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The Prevalence and Incidence of Dementia Due to Alzheimer’s Disease: a Systematic Review and Meta-Analysis

  • Kirsten M. Fiest (a1) (a2) (a3) (a4), Jodie I. Roberts (a1) (a2) (a3) (a4), Colleen J. Maxwell (a1) (a5) (a6), David B. Hogan (a7) (a8), Eric E. Smith (a1) (a2), Alexandra Frolkis (a1), Adrienne Cohen (a8), Andrew Kirk (a9), Dawn Pearson (a3), Tamara Pringsheim (a1) (a2) (a3) (a4), Andres Venegas-Torres and Nathalie Jetté (a1) (a2) (a3) (a4)...



Updated information on the epidemiology of dementia due to Alzheimer’s disease (AD) is needed to ensure that adequate resources are available to meet current and future healthcare needs. We conducted a systematic review and meta-analysis of the incidence and prevalence of AD.


The MEDLINE and EMBASE databases were searched from 1985 to 2012, as well as the reference lists of selected articles. Included articles had to provide an original population-based estimate for the incidence and/or prevalence of AD. Two individuals independently performed abstract and full-text reviews, data extraction and quality assessments. Random-effects models were employed to generate pooled estimates stratified by age, sex, diagnostic criteria, location (i.e., continent) and time (i.e., when the study was done).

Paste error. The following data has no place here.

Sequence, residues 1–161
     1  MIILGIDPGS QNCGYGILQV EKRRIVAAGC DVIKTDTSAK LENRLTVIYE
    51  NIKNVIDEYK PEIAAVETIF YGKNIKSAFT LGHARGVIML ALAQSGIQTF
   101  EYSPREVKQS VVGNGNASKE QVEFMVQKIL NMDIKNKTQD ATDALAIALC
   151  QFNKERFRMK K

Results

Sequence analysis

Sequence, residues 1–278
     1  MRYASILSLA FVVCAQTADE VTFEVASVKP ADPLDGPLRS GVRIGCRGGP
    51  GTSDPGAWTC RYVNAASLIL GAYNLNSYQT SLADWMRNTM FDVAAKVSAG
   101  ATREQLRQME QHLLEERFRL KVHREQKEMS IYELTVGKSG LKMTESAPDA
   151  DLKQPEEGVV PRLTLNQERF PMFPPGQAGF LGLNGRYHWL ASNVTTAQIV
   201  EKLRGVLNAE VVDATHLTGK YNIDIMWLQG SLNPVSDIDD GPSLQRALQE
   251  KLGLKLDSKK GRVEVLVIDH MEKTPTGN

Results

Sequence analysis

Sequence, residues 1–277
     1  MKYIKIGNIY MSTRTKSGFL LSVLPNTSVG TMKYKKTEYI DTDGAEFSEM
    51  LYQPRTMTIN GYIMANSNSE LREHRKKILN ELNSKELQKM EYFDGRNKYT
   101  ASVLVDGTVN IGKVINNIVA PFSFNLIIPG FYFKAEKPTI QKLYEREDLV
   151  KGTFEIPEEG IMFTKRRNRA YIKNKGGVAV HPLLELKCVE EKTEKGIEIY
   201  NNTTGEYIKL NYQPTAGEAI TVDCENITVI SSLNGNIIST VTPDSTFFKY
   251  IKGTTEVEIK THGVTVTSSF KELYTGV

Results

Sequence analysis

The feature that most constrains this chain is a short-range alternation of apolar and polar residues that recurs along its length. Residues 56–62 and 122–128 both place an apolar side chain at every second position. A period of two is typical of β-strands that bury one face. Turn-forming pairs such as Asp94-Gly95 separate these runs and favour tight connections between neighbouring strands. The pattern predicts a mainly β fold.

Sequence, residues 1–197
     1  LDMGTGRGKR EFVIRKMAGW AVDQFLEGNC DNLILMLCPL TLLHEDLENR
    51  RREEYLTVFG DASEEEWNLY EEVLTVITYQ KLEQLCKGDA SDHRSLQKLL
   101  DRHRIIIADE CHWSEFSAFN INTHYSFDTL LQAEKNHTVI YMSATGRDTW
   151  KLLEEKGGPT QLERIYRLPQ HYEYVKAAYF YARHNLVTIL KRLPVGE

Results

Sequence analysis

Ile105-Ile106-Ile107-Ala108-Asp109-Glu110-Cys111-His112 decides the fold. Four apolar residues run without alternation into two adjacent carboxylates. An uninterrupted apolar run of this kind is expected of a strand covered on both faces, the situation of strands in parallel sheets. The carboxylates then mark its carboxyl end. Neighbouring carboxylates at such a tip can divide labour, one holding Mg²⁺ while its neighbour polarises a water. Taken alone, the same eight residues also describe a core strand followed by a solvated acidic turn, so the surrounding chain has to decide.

Of 16,066 abstracts screened, 707 articles were selected for full-text review. A total of 119 studies met the inclusion criteria. In community settings, the overall point prevalence of dementia due to AD among individuals 60+ was 40.2 per 1000 persons (CI95%: 29.1-55.6), and pooled annual period prevalence was 30.4 per 1000 persons (CI95%: 15.6-59.1). In community settings, the overall pooled annual incidence proportion of dementia due to AD among individuals 60+ was 34.1 per 1000 persons (CI95%: 16.4-70.9), and the incidence rate was 15.8 per 1000 person-years (CI95%: 12.9-19.4). Estimates varied significantly with age, diagnostic criteria used and location (i.e., continent).


The burden of AD dementia is substantial. Significant gaps in our understanding of its epidemiology were identified, even in a high-income country such as Canada. Future studies should assess the impact of using such newer clinical diagnostic criteria for AD dementia such as those of the National Institute on Aging–Alzheimer’s Association and/or incorporate validated biomarkers to confirm the presence of Alzheimer pathology to produce more precise estimates of the global burden of AD.